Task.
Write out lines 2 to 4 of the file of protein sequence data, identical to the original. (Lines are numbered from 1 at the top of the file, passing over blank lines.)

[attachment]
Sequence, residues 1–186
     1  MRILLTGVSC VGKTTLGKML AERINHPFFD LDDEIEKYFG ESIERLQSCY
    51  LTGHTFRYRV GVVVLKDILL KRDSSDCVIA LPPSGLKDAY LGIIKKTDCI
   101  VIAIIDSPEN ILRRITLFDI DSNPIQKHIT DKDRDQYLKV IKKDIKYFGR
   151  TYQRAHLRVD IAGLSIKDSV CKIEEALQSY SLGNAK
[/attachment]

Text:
     1  MRILLTGVSC VGKTTLGKML AERINHPFFD LDDEIEKYFG ESIERLQSCY
    51  LTGHTFRYRV GVVVLKDILL KRDSSDCVIA LPPSGLKDAY LGIIKKTDCI
   101  VIAIIDSPEN ILRRITLFDI DSNPIQKHIT DKDRDQYLKV IKKDIKYFGR